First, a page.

Simbil marriage
Sunday Magazine

Simbil marriage

Durgadas P.V.

Mr. Bansal, my good old friend from Bhatinda was on a holiday in Kerala. He was staying with me. In the morning,  I told him that he could join me for attending a marriage. He eagerly agreed. '' arey I want to see simbil malayali bedding..." His interest in such a marriage was generated by me during discussions with him while attending the pompous Punjabi weddings in the past during the eighties. I used to boast....." you people should come to Kerala to see how weddings can be simple and serene...."

Mr. Bansal is almost ninety five kilos in weight. Being only five feet two , he always used to complain that he was under height for his weight. He is fair. And as claimed by him, due to ‘tenssun’ almost all the hair in the middle portion of his head had stopped growing. But he has nurtured the peripheral ones with great care. It is fun to watch him combing them carefully making consecutive arches across the barren middle head so that one could talk to him face to face without the reflection from his bald head hurting ones eyes.

With great expectation of showing a ‘simbil maariage’, we started. At the wedding hall, we could squeeze in the car in the jam packed parking area. There was a welcome pandal at the entrance distributing cool drinks, tea, coffee, pop corn vada, bhel poori etc etc. As we entered the air conditioned hall, it was bubbling with activity. There was a girl in long flowing dark gown and a boy in dark patched jeans singing (?) some song in a language which was not decipherable. Their vocal cord breaking rendition along with the accompaniments made any normal conversation impossible because of the roof tottering decibel levels. There were a few not so young painted ladies and pot bellied gents trying to dance to the tunes....

From nowhere the host appeared and greeted us. We were made to sit in the front row next to a well decorated stage very close to the big tv screen. Nearby were at least three tall tripods with arc lights and a white umbrella reflectors. At least twenty to twenty-five boys and a couple of girls holding cameras and connected gadgets were going in different directions and focussing on anything and everything. The interlude between two loud songs was used for talking in monosyllables with Bansal. Suddenly I looked at the tv screen. My frowning face was being beamed all over the hall. Because of the high pitched music and the photographic tantrums around,  I had not been able to keep a pleasing  expression on my not so handsome dark face. I tried to paste a half hearted smile on it to give a better look on the screen. The nadaswaram started the moment the fast Hindi(?) number was completed by the young singers. That heralded the arrival of the groom and after a while, the bride. After looking at the bride, Bansal gave me a look with a mild smile at the corner of his lips. It seemed that he was asking....." arey you had said , the Kerala bride comes in mundu/neriyathu and with very little jewellery......" In simple words , she looked like an elephant caparisoned with a head fitted on top and two hands dropped from the sides which were moving along with a gold dipped Kanjeevaram sari. During the ceremony which followed, a couple of golden chains weighing not less the ten/ fifteen sovereigns were also exchanged between the couple.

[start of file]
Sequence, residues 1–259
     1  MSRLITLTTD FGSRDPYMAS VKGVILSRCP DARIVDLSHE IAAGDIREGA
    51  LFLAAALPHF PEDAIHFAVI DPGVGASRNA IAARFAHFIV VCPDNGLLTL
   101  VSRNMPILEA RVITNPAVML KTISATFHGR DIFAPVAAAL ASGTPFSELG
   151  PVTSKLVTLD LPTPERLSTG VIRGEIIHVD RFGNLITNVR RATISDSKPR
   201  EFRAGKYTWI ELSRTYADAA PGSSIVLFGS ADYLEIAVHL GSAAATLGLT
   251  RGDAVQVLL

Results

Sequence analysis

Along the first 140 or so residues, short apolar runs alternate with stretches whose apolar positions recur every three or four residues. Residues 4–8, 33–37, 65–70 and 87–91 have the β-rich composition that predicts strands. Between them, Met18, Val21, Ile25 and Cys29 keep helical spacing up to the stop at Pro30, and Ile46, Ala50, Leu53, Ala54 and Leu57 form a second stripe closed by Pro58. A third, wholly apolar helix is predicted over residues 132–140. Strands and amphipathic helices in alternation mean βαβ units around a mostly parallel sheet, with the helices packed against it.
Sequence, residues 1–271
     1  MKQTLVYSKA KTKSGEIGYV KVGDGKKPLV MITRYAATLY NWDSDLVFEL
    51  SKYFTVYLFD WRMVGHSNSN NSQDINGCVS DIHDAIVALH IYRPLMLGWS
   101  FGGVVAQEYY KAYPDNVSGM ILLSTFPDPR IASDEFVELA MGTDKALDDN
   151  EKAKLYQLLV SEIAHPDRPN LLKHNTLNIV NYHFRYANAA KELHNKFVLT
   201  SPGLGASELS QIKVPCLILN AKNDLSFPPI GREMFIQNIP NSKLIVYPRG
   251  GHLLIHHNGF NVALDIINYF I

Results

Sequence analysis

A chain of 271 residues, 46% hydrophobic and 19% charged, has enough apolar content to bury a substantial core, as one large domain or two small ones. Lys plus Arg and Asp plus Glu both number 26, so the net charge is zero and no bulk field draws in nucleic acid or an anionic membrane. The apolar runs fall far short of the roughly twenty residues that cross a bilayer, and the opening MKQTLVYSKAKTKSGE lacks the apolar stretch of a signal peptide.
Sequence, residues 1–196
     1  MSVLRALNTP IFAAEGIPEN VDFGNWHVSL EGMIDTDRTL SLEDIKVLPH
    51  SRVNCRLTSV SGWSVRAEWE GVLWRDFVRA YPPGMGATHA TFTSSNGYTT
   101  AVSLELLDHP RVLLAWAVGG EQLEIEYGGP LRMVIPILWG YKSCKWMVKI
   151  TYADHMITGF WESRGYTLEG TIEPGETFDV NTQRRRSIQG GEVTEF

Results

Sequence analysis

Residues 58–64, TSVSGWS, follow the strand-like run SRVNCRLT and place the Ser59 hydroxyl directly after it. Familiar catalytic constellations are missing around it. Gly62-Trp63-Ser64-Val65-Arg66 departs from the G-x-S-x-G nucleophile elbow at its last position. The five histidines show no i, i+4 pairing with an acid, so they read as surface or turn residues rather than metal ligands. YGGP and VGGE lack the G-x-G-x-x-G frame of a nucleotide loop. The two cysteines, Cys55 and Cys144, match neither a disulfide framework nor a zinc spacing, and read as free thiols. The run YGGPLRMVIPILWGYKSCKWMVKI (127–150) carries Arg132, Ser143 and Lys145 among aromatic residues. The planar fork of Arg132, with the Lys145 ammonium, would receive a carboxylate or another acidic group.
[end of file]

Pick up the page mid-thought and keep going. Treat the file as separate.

All of a sudden there was something happening above our heads. A humming sound came from nowhere. It transformed into a vroom.There was a swift flow of strong wind flowing from the top. It took sometime for us to realize the it was the drone camera above our heads. Alas,  it had devastated the carefully made hairstyle of Bansal. The neatly dyed hair arrayed like the black hairpin sale pack on the polished surface of his head had gone disarray and now looked like the route map of an airline brochure. As we watched the pathway of the drone, it went and perched on the hands of a photographer like the eagle landing on the safe hands of the bird trainer in the Jurong bird park, Singapore.

By that time someone came and told us to go for lunch. The dining hall was on the first floor. By the time Bansal could drag himself up through the crowded staircase, the hall was overflowing. For fear of obstruction at the entrance by way of his oversized beer belly, Bansal and I decided to come down and do the formality of greeting the newly weds. When the bride lifted the hands to say Namaste to us there was lot of dangling sound of her bangles and gold necklaces. One lady was seen applying " moov " behind the neck of the bride.....

Bansal expressed his inability to climb up the stairs again. Hence we decided to say goodbye. We drove to a good restaurant and had lunch.

As we entered the house, my wife asked “How was the wedding?” I was agitated in my mind wondering how to explain the experience. Before I could start, Bansal told ...." Bhabhi, it was a simbily great....." and winked at me. I had no more explanation to offer.....

P S.....I know that my story is not being read by Americans, Irish or English. Hence to suit the audience it is written in Inglish...